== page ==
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Albert Baird Cummins is Born

Today in Masonic History Albert Baird Cummins is born in 1850.

Albert Baird Cummins was an American politician.

Cummins was born on February 15th, 1850 in Carmichaels, Pennsylvania. He attended a variety of schools including Greene Academy in Carmichaels. He went to Waynesburg College, where he completed all requirements for graduation. He was not graduated from the school though due to a disagreement that he had with College's president regarding Darwinism. It is not clear on which side of the argument Cummins was on, the fact that Waynesburg is affiliated with the Presbyterian Church one can assume that he Cummins was on the Darwin's side of the argument, although that is conjecture.

After leaving Waynesburg Cummins traveled to Iowa and Indiana supporting himself with jobs with the railroad and carpentry jobs, a skill he learned from his father. Eventually he moved to Chicago, Illinois where he worked as a clerk and studied the law. He was admitted to the bar in 1875 and setup his practice in Des Moines, Iowa. Cummins largely represented large companies, his most famous case though was when he represented a group of farmers from the local Grange who were trying to break the monopoly held by barbed wire industry. The farmers wanted to establish their own manufacturing facility.

By 1880, Cummins was active in politics. He attended every Republican state and national convention between 1880 and 1924. In 1887 he was elected to a single term in the Iowa State Senate. He was also active in the William McKinley campaign.

In 1900 Cummins was passed over twice for the same United States Senate seat. Initially the Iowa State Legislature gave the seat to the incumbent. When the incumbent passed away in office, Cummins lobbied the Governor for the position. The Governor gave the seat to someone else. Initially Cummins vowed to try for the seat again in the 1901 legislative session, instead he set his sights to be Governor of Iowa, which he did in 1902. He served three successful terms as Governor, leaving office in 1908. During his time as Governor he became known for the "Iowa idea." The "Iowa idea" embodied the principle that tariff rates should accurately measure the difference between the cost of production here and abroad, but not set rates higher than necessary to protect home industries.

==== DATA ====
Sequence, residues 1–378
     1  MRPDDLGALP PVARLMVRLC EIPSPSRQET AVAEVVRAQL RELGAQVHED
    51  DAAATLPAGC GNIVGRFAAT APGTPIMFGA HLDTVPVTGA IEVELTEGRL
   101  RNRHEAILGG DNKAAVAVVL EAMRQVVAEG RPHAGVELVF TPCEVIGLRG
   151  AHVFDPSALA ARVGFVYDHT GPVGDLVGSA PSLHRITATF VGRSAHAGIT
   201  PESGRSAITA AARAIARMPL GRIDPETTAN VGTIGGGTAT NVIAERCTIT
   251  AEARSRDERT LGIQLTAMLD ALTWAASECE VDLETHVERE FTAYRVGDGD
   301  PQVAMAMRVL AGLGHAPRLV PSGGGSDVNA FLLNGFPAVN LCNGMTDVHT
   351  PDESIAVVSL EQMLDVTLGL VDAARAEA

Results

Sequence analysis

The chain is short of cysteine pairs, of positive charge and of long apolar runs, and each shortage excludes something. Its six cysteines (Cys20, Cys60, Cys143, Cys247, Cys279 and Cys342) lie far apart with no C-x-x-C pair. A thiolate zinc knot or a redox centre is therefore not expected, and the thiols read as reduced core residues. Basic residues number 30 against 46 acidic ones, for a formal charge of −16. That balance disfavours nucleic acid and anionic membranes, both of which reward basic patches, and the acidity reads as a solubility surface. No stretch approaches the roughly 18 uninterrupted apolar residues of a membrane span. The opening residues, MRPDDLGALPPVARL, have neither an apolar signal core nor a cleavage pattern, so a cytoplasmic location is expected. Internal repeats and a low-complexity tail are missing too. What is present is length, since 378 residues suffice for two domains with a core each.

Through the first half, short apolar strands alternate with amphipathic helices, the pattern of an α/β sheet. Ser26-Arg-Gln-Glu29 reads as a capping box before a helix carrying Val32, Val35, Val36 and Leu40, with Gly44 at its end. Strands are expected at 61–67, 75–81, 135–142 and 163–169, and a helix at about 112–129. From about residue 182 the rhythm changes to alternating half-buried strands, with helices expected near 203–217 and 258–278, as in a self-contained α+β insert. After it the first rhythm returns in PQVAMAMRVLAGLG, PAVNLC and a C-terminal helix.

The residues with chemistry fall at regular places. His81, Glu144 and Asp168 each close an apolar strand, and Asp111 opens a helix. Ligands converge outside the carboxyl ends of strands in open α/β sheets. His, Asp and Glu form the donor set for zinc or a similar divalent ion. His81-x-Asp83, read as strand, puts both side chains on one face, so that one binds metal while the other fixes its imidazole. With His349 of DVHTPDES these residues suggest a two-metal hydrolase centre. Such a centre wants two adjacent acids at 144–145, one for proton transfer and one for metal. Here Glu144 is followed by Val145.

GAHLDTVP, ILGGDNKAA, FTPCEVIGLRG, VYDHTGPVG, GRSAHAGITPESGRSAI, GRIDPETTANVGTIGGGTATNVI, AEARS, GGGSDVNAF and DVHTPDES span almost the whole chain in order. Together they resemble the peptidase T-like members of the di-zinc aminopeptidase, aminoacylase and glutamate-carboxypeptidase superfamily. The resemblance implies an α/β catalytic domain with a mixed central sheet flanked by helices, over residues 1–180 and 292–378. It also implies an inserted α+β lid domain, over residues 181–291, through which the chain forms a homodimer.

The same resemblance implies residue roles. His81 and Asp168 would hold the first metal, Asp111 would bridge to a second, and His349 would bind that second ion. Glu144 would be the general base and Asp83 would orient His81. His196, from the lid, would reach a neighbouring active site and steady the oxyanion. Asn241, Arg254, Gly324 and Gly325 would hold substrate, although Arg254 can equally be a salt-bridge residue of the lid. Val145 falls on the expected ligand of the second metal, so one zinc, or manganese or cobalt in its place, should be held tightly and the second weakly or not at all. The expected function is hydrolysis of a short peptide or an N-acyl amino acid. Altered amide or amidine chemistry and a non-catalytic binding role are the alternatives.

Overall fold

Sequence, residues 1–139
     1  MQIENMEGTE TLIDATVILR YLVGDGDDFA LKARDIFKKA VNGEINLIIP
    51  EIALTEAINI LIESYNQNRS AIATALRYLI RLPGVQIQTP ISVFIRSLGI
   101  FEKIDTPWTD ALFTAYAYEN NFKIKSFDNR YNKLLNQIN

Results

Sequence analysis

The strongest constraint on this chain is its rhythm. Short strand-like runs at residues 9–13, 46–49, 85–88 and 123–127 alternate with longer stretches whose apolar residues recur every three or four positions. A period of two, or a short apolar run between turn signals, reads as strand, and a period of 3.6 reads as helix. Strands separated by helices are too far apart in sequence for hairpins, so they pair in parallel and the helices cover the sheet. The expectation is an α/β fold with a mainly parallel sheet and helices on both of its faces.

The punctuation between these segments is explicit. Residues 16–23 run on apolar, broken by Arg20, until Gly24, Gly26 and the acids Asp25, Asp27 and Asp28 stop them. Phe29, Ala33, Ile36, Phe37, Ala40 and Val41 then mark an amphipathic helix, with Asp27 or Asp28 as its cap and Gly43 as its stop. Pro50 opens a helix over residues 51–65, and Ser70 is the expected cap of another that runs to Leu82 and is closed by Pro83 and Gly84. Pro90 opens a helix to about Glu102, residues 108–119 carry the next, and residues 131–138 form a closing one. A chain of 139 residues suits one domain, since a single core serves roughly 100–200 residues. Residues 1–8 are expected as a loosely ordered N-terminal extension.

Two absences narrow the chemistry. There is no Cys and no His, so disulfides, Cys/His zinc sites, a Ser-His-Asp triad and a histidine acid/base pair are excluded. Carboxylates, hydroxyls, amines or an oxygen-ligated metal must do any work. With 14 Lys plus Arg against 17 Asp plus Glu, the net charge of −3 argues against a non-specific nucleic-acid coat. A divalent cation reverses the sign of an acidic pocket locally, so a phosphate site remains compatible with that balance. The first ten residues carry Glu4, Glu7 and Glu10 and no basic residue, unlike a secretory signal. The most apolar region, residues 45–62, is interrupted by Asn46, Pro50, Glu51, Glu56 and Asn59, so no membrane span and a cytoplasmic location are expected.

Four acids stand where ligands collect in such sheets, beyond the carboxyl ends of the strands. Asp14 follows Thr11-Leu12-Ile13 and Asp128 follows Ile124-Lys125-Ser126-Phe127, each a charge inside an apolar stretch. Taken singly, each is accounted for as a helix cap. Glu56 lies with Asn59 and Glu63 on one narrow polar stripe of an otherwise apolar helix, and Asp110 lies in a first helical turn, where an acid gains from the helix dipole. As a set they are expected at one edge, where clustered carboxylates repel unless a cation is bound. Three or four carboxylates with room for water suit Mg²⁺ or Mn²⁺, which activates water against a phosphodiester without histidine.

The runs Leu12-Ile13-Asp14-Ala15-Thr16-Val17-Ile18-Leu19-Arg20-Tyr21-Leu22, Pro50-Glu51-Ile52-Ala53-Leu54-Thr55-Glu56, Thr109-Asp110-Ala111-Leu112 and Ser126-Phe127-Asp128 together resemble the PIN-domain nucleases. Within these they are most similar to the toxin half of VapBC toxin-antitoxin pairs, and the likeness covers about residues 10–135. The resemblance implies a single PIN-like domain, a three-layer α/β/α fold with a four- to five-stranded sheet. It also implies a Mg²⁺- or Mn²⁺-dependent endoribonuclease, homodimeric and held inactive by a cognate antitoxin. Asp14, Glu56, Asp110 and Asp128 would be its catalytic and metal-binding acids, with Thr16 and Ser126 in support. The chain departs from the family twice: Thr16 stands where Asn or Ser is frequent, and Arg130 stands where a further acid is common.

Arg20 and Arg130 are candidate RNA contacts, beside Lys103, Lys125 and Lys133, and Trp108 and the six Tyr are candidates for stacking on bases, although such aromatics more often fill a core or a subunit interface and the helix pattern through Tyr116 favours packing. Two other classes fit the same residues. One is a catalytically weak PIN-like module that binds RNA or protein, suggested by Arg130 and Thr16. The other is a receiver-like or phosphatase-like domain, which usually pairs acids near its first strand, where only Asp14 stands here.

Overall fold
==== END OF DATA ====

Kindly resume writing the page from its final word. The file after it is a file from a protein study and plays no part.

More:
In 1908, Cummins ran for the United States Senate. He lost in the primary. Prior to the election his opponent passed away and in the second Republican primary, Cummins easily won. He served in the United States Senate until he passed away in 1926. From 1919 to 1925 he was President Pro Tempore of the Senate, which is third in line for the Presidency. After World War I Cummins opposed the United States joining the League of Nations. He also sponsored the Esch-Cummins act which put the railroad back in the hands of private industry. This was opposed by organized labor which had language in the bill that would prevent collective bargaining.

Cummins ran twice for President, both times failing to get the nomination.

In 1926, Cummins lost the Republican primary to the other Senator to Iowa, Smith W. Bookheart, who lost his Senate seat when he was removed from the Senate by his Republican colleagues. Bookheart's election was challenged by his Democratic opponent and the Senate upheld the challenge. Before Cummins left office he passed away on July 30th, 1926.

Cummins was a member of Capitol Lodge No. 110 in Des Moines, Iowa and a member of Za-Ga-Zig Shrine Temple also of Des Moines.